Tuesday, 6 December 2011

Food Bloggers Unplugged


I have been tagged by Paula of Sweethart Cakes and Bakes and Jean of Baking in Franglais to join in “Food Bloggers Unplugged” and reveal all sorts of food related things about myself.... Sorry it's taken me so long to do it guys. 

What or who inspired you to start a blog ?
I have often baked at the weekend and then sent Mr CB into work on the Monday with the goods.  I would like to say this is because I'm a generous soul (which I hope I am) but honestly it is more to do with the fact I don't trust myself not to sit there and scoff a whole cake. I often got asked to provide the recipe for something I'd made.   I decided that a blog would be a good place to put my recipes and to indulge my hobby as a change from my day job. 

2.  Who is your foodie inspiration ?
It has to be my Mum.  I was very lucky when I was growing up in the respect that my Mum was a lecturer in catering at a college so we were very well fed.  She is such a good cook so I grew up learning to cook, something which I am so thankful to her for to this day. As for chefs I just love Nigel Slater. 

3.  Your greatest batter-spattered food/drink book is ?
While I love baking I also really enjoy cooking as a whole. I really have 2 books that I refer to a lot - Nigella's How to Eat and for every day dinner ideas Bill Granger's Everyday. Give me a cookbook to read though and I'm a very happy bunny!

4.  Tell us about the best thing you've ever eaten in another country, where was it, what was it ?
I had lunch a few years about at a very unprepossessing restaurant on the edge of a mountain road near Barga di Lucca in Tuscany.  We went with a group of friends, several of whom were Italian, and we ate like kings.  I remember every last detail of that meal - the most amazing Pasta Fritta with Proscuitto and cheese, Lamb Cutlets with Rosemary Potatoes and Zucchini Fritti and local red wine followed by a competitive game of cards.  I have to say too that I have never eaten Fish and Chips which are as nice as the ones at Steels Fish and Chip Shop in Cleethorpes!  

5.  Another food blogger’s table you would like to eat at ?
There are so many..... I would love to be at Mary's from Ocean Breezes and Country Sneezes for Christmas. I think it would be a veritable feast served on her wonderful Christmas crockery! I would also be very happy for Jude from A Trifle Rushed to invite me to Brittany for one of her locally caught lobster suppers.

6.  What is the kitchen gadget you would ask Santa for this year (money no object of course) ?
It would have to be a Kitchenaid.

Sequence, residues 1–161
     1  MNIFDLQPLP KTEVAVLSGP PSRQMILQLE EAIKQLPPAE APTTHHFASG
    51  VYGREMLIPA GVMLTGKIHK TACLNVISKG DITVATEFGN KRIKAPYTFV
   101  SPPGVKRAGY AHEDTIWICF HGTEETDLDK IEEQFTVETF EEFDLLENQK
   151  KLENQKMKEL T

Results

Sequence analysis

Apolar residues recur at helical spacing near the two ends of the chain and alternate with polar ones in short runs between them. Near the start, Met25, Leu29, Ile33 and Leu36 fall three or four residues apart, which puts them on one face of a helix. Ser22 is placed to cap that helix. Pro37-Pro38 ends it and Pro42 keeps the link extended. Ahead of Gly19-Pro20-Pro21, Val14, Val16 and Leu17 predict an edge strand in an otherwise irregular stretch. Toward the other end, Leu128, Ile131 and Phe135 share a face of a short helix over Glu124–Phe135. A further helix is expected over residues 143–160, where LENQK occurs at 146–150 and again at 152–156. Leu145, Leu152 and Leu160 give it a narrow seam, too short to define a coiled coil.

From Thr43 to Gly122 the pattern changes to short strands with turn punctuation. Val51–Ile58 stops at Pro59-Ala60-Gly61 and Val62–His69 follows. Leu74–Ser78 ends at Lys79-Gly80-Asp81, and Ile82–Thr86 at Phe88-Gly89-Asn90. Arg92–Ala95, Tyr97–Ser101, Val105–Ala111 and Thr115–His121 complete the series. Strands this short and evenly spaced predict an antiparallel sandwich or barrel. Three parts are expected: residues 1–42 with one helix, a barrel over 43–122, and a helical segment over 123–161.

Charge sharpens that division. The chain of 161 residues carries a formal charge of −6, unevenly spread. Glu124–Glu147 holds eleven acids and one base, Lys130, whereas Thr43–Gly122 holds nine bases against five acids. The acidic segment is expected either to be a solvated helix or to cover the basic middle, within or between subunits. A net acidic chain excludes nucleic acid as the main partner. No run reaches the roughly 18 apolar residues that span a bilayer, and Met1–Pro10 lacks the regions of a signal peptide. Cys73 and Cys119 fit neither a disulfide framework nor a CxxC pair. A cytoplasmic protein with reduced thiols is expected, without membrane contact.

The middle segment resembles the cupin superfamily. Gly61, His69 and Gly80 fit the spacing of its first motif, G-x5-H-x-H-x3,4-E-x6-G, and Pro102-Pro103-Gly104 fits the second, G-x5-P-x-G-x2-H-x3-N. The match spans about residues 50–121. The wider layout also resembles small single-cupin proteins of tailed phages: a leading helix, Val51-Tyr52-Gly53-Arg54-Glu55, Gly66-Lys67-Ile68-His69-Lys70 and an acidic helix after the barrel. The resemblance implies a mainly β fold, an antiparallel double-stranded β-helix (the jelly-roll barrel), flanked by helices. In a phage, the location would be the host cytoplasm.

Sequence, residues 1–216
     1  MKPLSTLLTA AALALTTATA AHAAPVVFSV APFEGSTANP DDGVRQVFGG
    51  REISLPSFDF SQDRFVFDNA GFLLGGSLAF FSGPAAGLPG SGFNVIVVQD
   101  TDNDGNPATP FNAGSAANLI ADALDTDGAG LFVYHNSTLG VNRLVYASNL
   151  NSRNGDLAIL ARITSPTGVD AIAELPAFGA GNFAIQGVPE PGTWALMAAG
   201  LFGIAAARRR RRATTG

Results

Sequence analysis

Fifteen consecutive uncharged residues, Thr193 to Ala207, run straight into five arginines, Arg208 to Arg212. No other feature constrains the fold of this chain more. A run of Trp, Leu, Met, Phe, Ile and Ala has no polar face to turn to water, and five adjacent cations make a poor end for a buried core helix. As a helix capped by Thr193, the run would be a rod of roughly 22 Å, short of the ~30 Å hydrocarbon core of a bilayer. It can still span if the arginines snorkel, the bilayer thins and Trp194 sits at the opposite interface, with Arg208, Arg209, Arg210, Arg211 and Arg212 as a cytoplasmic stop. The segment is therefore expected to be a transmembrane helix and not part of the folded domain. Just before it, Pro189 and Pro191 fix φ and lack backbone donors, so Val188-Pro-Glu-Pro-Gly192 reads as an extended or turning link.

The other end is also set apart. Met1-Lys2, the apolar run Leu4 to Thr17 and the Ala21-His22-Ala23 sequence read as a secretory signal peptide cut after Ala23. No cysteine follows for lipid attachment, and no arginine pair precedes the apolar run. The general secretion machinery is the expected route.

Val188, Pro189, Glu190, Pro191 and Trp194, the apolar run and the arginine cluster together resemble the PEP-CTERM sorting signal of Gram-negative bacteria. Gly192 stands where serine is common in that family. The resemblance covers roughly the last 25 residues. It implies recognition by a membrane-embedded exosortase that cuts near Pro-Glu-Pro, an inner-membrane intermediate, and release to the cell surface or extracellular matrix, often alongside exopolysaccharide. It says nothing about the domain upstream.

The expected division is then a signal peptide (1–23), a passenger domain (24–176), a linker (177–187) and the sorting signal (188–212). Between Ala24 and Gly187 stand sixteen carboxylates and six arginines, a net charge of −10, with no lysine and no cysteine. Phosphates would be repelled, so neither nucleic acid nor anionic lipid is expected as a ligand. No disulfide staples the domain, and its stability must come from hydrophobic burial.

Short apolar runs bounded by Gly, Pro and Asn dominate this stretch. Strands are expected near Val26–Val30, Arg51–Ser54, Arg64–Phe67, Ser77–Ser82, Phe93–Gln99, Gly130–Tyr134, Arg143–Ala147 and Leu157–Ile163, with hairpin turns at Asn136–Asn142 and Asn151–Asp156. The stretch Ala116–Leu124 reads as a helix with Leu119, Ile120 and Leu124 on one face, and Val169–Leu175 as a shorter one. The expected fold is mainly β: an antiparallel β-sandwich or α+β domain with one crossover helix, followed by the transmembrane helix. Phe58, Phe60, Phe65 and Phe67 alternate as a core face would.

7.  Who taught you to cook ?
My Mum and my godmother Auntie Wendy in school holidays. One of my best memories is of when she forgot to put sugar in a cake though (it was a very busy harvest time!)  and it turned out looking like a cow pat. As they live on a farm this was very apt.  

8.  I’m coming to you for dinner.  What’s your signature dish ?
My main course could be anything from a seafood gratin to lamb tagine. My signature pudding though is Chocolate Fondant.  Just realised I've never blogged it though.

9.  What is your guilty food pleasure ?
Fish Finger Sandwiches which get eaten far too often.

10.  Reveal something about yourself that others would be surprised to learn.
I once performed the snowman on roller skates at the Royal Albert Hall. A long time ago I hasten to add.

Now I invite the following bloggers to take part in this challenge.

Firstly I choose Phil from As Strong As Soup who is adventurous and inventive in his flavour combinations.

I then choose Mary from Ocean Breezes and Country Sneezes for reasons mentioned above.

Thirdly it has to be Louise from Please do not Feed the Animals for her family adventures.

And last but by no means least I pass this on to my favourite Irish Blogger -  Nessa  - from Nessa' s Family Kitchen.


Sunday, 4 December 2011

Chocolate Orange Marble Bundt Cake




I love Terry's Chocolate Orange to the point where I can eat one almost in one go on my own,  usually secluded away in a quiet corner at some point between Christmas and New Year. No one else gets a look in.  My addiction started when my late Auntie May used to give me one each Christmas as a present along with a £5 note. Every year without fail. When she sadly passed along my Mum made sure, and still does, that I always get a Chocolate Orange in my stocking.  The strange thing is that despite this absolute love of them, especially the core of chocolate that gets left in the middle, I never eat them other than at Christmas, not even the bars you can buy. In fact I can safely say that I've never even bought one. I guess however that is what makes them so delicious to me.